Most of us, adults and students alike, are aware of the art of knowing glances, deliberate coughing and mnemonic scribbling, all tried and tested formulas for cheating on an exam. However, last week this art literally touched new heights when the town of Hajipur in Bihar rose to infamy with the news of hundreds of parents and relatives ‘helping’ out their children during the course of their examinations. To millions across the country, the sight of a horde of people climbing pipes and sitting precariously on ledges to pass on chits to their children, while invigilators and hapless policemen looked the other way became the amusement of the week. However, as shocking, and daresay audacious the act was, the fact it happened during a State matriculation examination does little to underscore the problems that have plagued education in India. Even more shocking is the truth that such a sight is not a lone incidence, but is symptomatic of a larger issue.
Bihar, the state of the aforementioned cheating case has a stringent anti-cheating law which in although in theory, allows jail-time for offenders but in most practical instances has done little to deter offenders, a fact best reflected by the fact that a significant number (over 200) of students had been expelled last year for cheating and their parents, relatives arrested under the same law. This month alone 600 students have been expelled and the exams season isn’t even over yet. There is also the growing number of instances where the examination papers are leaked beforehand, even in the Delhi University. Cheating too, as the cliché goes is getting monetized and becoming a business. And yet, hardly any of these instances of cheating have appeared to surprise any of us. Cheating, in other words remains a stark reality, albeit an oft-ignored one. Which is why, it is only pertinent that we answer the question, why do people cheat?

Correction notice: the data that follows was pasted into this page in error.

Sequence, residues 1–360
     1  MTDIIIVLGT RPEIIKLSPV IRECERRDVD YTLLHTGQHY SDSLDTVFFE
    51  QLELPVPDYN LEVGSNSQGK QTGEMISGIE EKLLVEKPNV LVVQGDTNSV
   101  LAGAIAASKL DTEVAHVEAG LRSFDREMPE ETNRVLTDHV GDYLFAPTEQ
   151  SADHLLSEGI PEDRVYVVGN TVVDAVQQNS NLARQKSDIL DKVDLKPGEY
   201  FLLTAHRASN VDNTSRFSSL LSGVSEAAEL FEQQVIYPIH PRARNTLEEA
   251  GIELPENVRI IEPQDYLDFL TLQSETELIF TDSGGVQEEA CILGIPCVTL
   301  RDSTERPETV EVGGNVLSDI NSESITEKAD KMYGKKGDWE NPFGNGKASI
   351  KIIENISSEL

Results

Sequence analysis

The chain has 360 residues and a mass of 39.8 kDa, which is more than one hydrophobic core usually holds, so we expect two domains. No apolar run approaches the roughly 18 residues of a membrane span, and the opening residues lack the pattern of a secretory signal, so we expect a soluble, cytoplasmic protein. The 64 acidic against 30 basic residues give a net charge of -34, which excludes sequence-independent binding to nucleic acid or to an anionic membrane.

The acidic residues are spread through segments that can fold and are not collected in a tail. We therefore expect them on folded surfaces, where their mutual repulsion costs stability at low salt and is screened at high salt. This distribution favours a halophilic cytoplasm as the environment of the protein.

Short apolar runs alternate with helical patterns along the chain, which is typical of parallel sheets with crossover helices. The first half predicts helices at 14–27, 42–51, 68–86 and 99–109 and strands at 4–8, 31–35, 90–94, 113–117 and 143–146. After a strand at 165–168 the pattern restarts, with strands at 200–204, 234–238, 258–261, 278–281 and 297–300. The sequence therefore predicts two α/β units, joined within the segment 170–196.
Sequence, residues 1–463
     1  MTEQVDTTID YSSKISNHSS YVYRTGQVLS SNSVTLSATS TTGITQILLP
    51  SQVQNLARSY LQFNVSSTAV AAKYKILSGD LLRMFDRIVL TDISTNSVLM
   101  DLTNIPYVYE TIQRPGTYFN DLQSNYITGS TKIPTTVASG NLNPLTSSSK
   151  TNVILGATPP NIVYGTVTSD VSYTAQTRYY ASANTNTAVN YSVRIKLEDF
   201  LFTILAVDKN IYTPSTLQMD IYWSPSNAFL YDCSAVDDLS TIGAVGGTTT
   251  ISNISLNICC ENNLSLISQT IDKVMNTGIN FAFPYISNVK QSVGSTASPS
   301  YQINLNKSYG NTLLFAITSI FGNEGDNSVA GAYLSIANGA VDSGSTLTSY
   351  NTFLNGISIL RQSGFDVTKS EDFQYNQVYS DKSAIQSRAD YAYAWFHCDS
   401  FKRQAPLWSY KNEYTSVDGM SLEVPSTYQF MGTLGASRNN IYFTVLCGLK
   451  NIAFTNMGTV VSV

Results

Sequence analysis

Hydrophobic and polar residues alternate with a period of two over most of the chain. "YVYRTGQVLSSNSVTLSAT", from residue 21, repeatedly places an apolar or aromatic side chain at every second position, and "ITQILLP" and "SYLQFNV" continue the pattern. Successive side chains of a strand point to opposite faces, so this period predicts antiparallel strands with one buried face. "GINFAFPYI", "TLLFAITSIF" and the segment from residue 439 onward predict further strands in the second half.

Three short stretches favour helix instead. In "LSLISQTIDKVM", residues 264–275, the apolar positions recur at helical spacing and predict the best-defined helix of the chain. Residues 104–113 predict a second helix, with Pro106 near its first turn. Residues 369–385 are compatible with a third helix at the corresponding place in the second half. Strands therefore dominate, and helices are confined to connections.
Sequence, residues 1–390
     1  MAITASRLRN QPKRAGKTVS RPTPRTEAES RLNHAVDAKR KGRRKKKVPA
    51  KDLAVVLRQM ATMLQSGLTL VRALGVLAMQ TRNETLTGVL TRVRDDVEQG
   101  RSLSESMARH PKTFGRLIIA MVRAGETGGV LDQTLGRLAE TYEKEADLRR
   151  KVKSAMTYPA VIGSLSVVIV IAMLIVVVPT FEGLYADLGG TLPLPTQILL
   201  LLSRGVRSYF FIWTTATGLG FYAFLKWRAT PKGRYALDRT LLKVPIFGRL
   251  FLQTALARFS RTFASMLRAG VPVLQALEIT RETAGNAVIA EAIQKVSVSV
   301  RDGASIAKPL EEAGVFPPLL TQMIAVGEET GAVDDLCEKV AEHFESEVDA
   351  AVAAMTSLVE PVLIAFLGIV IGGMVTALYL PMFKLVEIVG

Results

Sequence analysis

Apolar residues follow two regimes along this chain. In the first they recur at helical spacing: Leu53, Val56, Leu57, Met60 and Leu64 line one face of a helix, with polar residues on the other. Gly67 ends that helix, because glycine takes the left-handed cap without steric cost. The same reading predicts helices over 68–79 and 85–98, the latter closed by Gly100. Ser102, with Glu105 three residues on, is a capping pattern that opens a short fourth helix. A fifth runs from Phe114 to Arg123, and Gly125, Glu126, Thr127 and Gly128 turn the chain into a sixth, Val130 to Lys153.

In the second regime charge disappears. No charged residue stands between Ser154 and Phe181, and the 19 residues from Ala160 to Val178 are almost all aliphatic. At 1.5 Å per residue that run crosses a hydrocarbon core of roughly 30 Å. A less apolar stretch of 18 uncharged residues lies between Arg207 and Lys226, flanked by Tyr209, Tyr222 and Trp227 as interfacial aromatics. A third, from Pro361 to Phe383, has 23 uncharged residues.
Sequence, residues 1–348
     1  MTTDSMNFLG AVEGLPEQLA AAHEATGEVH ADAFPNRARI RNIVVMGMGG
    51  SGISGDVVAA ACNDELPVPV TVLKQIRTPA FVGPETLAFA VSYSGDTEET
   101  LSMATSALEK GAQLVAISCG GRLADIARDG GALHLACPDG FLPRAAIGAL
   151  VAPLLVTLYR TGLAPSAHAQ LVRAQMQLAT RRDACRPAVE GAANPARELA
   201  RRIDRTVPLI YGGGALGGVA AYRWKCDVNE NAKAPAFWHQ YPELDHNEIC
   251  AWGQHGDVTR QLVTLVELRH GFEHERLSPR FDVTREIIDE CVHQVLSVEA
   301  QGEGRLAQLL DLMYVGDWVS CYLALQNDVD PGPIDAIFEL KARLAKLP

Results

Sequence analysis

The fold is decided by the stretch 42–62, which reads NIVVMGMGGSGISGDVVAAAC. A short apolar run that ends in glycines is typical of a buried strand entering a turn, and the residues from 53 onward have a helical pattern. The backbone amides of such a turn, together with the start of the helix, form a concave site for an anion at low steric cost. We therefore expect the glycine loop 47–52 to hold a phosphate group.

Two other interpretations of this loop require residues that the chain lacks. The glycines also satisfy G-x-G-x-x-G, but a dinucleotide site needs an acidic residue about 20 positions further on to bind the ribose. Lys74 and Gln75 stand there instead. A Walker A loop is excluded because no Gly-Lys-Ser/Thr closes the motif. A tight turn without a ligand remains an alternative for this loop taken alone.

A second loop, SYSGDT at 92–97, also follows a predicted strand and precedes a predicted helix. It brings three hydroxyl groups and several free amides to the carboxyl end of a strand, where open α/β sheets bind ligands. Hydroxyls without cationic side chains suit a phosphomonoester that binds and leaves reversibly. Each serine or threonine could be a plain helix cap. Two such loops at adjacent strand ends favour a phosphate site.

Compelled or Content to cheat?
Across most of India, examinations remain the litmus test for individual intelligence and capability. Not only has individual performance on an examination become a mode of social mobility and acceptance but of late, it has also become the best indicator of admission prospects in universities. Even the definition of a fine performance on an exam has changed over the years. Whereas 90% was the Everest of the academic world once, nothing less than a 97-98% will do today, especially in light of the cutthroat admission processes. Which is why unwittingly, the entire system of examinations has come under scrutiny for facilitating unrealistic demands for academic achievement. Often, the pressure is too much for students to handle which compels them to go forward with such drastic steps. Another common reason is one of expediency, or the easy way out. For many, cheating in an examination offers an escape route from the ignominy of being called a failure; which is why many resort to tricks like chit-making and body-scribbling for assistance during an examination.
In the aforementioned case in Bihar however, none of these reasons find conclusive validity. The closest cause that finds semblance in the happening is a sentiment echoed by the many students and parents which states that, ‘Everyone does it. It has been going on for ages’ Knowing the bad state of education in the hinterlands of this great country, there is perhaps very less doubt as to the veracity of this claim. However, as ridiculous as their justification sounds, it also reflects the State’s ineffectiveness to combat the menace of cheating across decades, which has allowed a provisional stamp to approve of this practice. Even with the anti-cheating law in force, other problems like bribery hinder the road to conducting a fair examination.
Failing in the duty to educate?